• Sinkhole – a new homeowner sees his investment in the future crumble beneath his feet in Kim Ji-hoon’s harrowing disaster dramedy. Review.

Malaysia

  • Barbarian Invasion – Tan Chui Mui directs and stars as an actress making a comeback after retiring to become a housewife and mother only to be told the film can only be made if her ex co-stars.

Philippines

Singapore

  • Tiong Bahru Social Club – an earnest young man experiences an existential crisis while living in the “happiest neighbourhood in the world” in Tan Bee Thiam’s whimsical satire. Review.

Taiwan

  • As We Like It – a romantic exile meanders through an internet free corner of Taipei in Chen Hung-i & Muni Wei’s all-female adaptation of the Shakespeare play. Review.
  • Days Before the Millennium – epic drama following the lives of women who migrated to Taiwan from Vietnam in the 90s to the present day.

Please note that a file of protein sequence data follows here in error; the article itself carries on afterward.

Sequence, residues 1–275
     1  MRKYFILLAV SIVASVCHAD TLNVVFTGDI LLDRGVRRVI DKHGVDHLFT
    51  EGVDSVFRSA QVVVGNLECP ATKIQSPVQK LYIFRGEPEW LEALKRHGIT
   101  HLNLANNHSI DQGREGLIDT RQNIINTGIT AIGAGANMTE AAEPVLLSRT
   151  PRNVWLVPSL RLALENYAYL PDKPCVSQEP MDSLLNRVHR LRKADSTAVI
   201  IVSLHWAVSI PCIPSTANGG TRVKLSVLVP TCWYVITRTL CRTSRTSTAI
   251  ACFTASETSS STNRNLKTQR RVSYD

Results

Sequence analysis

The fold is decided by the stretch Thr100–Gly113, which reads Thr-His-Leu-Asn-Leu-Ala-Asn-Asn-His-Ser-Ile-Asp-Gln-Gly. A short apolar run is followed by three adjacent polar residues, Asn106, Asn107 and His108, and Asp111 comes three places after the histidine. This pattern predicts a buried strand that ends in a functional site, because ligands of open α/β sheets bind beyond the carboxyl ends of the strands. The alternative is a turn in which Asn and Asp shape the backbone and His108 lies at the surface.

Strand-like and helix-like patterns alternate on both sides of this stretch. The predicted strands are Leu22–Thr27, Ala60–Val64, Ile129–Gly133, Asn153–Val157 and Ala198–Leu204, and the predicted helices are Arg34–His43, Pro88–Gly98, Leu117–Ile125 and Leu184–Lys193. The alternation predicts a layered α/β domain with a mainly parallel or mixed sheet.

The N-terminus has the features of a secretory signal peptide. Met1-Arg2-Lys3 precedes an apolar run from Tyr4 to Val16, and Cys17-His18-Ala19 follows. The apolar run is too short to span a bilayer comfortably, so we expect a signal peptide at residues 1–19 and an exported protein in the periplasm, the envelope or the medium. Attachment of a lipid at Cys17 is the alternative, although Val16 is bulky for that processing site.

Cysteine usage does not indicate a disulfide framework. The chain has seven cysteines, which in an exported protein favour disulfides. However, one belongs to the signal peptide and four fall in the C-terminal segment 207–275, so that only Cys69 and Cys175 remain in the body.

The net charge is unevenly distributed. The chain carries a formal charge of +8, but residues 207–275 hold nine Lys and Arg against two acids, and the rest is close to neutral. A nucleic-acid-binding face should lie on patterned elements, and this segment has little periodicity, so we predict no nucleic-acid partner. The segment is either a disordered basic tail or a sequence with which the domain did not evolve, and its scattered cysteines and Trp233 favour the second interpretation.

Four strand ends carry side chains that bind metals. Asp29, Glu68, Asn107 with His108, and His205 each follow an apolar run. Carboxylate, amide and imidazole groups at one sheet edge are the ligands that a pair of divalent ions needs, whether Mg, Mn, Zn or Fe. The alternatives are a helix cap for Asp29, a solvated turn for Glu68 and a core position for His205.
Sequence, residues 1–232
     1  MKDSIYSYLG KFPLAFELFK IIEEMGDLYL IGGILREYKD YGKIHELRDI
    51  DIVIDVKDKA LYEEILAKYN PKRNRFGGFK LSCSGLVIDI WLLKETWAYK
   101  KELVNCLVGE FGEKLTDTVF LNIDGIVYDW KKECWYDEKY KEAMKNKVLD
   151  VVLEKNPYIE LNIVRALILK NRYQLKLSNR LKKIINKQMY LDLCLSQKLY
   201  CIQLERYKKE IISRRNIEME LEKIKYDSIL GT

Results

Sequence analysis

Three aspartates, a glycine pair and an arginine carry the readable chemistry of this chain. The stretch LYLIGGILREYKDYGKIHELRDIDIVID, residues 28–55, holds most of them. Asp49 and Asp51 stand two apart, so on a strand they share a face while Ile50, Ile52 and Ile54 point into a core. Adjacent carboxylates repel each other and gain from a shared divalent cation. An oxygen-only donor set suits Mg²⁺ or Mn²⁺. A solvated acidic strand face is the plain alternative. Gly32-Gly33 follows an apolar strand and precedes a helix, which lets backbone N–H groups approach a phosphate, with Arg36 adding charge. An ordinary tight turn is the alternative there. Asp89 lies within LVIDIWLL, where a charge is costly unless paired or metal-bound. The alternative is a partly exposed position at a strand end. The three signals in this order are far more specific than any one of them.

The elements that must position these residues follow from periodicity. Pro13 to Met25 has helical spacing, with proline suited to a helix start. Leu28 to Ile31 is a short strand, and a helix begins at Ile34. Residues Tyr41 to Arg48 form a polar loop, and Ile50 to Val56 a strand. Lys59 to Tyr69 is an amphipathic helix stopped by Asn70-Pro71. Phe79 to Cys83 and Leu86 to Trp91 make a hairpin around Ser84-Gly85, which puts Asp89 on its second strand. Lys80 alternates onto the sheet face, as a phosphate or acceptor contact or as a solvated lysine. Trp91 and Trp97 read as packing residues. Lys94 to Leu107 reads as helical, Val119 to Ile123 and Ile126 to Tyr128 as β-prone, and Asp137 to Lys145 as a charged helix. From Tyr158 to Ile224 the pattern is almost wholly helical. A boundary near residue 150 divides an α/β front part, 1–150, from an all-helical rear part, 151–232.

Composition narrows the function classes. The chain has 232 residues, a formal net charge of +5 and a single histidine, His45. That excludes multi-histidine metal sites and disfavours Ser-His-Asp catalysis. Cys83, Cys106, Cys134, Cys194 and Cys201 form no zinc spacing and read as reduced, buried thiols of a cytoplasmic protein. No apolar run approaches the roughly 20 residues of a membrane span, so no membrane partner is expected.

• Execution in Autumn – Taiwanese “Healthy Realism” classic from Li Hsing in which a condemned man marries an orphan while in prison in order to preserve the family line. 
  • Listen Before You Sing – cheerful dramedy set within the indigenous community as a plan is hatched to save the local school from closure through winning a singing competition.
  • The Moon Represents My Heart – a Taiwanese Argentinian man travels to Taipei with questions of his father’s murder.

Thailand

  • Come Here – a group of artists contemplates the remains of the “Death Railway” in Anocha Suwichakornpong’s experimental drama.